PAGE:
We must come to terms with the increasing influence of multiculturalism and transnational advocates of human rights have on national security and international relations that defy the taken for granted meaning and power of national sovereignty. Multiculturalism is not an artificial or recent construct; it is a reaction to the suppression of diverse cultures by the discriminatory ideologies and practices that emanate from national sovereignty, and the longing of these cultures for a state where justice can be found. The solidarity among global international groups founded on shared norms of morality (however conceptually and legally messy they are) makes it difficult for the states to suppress domestic human rights violations under the cover of protecting its national interests. Those countries still attempting to do so, are faced with internal conflicts, and have lost their internationally credibility as globalization continues to expand opportunities for self-reflective and emancipatory political struggles.
Jimmy Carter, a formidable defender of human rights in United States’ foreign policy, has said that “For too many years, we’ve been willing to adopt the flawed and erroneous principles and tactics of our adversaries, sometimes abandoning our own values for theirs. We’ve fought fire with fire, never thinking that fire is sometimes best quenched with water.” Sri Lanka must also be sensitive to this sentiment if it is serious about placing its foreign policies on high moral ground, which I think is the best antidote to those hypocritical states that demand universal standards of human rights from selected foreign countries, while making a distinction between what they owe to their own citizens and what is owed to citizens of those selected countries.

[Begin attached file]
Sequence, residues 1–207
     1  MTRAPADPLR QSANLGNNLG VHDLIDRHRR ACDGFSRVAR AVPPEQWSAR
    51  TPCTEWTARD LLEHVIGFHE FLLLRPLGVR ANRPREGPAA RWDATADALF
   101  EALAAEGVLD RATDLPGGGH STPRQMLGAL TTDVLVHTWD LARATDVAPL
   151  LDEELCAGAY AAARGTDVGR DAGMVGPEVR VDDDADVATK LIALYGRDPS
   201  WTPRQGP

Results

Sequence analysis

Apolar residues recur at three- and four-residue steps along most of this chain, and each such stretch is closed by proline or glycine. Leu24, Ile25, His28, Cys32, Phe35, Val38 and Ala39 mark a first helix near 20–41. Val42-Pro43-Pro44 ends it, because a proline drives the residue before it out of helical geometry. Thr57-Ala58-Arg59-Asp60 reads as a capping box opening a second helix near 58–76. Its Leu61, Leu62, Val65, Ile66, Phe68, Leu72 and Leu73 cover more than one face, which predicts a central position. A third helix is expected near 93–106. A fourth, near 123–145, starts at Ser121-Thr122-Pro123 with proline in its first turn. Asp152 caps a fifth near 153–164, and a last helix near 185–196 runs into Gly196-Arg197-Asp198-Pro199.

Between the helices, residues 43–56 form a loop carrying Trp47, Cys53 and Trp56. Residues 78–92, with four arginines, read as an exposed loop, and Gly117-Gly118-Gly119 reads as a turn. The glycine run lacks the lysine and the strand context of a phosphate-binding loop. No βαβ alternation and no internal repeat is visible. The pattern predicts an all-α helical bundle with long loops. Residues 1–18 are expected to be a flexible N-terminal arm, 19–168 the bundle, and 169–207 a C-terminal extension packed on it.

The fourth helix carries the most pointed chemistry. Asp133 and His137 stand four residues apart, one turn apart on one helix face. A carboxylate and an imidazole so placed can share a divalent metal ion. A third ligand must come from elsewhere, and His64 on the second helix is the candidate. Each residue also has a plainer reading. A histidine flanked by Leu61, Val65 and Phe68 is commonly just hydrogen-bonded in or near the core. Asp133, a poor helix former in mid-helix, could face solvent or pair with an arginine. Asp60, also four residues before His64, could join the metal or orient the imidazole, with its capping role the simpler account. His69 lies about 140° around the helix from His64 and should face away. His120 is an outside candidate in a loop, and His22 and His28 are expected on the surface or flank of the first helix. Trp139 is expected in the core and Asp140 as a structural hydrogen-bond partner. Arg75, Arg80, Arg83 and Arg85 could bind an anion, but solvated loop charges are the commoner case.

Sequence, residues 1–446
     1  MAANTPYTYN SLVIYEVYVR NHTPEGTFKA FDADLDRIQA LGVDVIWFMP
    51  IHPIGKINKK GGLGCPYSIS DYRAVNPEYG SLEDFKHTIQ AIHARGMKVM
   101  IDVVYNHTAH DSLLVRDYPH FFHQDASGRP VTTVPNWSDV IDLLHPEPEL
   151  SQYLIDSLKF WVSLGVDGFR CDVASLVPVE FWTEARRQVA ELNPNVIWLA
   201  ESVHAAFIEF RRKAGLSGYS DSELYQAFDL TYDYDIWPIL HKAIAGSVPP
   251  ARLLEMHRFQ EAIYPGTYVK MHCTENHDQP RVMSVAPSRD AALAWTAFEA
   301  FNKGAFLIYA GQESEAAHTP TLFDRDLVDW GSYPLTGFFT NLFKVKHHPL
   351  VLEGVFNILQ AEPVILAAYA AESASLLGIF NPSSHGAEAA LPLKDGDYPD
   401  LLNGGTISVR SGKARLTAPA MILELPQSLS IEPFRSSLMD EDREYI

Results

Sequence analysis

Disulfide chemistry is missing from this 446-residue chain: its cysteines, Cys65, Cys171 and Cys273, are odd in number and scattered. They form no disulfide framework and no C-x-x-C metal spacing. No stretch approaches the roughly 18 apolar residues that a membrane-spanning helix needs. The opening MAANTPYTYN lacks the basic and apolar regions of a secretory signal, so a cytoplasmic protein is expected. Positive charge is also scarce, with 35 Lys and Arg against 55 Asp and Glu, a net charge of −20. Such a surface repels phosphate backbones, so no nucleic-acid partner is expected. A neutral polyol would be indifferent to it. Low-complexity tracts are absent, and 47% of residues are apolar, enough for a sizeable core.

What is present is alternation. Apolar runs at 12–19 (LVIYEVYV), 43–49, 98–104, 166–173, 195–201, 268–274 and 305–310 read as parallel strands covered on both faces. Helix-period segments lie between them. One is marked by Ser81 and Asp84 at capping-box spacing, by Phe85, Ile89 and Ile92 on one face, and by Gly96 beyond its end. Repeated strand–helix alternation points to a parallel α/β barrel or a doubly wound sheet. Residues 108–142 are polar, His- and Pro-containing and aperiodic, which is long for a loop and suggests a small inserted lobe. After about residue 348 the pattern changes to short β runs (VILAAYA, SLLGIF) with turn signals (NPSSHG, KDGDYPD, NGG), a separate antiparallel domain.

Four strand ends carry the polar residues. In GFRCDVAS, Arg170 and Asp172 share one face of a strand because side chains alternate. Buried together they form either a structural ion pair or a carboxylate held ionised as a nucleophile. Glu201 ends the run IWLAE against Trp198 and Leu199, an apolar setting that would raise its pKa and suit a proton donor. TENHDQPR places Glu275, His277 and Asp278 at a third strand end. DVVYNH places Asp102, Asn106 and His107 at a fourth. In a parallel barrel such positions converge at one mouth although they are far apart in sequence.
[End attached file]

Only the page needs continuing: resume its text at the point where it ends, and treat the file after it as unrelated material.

The advantage of deriving foreign policy from morality is that morality is universal, and politics is exclusionary; morality would temper the inherently exclusionary character of politics. Despite all its limitations, moral suasion in foreign policy is the best and most reliable strategy to improve human rights at home and around the world. In Thucydides’ writings on the Peloponnesian War, an important text in Realist theory, the basis of politics is morality, and the basis of relationship between the states is norms, values and economic relations. Even Machiavelli, the great philosopher of Realpolitik who is notorious for defining a set of amoral principles about how to gain and consolidate political power, occasionally had to come to terms with the moral question in political power. “What’s more, you can’t in good faith give the nobles what they want without doing harm to others; but you can with the people. Because the people’s aspirations are more honorable than those of the nobles: the nobles want to oppress the people, while the people want to be free from oppression” (9.3). Kautliya’s counsel on relationship between the rulers was based on the principles of Raksha—(protection of life and liberty within the state); Palana (law and justice); and, Yogakshema (welfare of the people.)
We hope that President Maithripala Sirisena uses this window of opportunity (the “rainbow revolution”) and does what the public trusts him to do: build Sri Lanka’s external relations in harmony with morality-based domestic governance. That is what I expect from his yahapalanaya (moral governance). The Minister of External Affairs Mangala Samaraweera must begin reforms by overhauling the current administrative structure and the Ministry of External Affairs, and he must then implement a comprehensive program to prepare the country’s diplomats to face the challenges of 21st Century. Reforms should build a new vision for country’s foreign policy. His efforts will bear fruit only if his domestic governance succeeds in granting an effective devolution of power to the Tamil minority, bringing closure to accountability issues in human rights violations, and creating a more economically egalitarian society.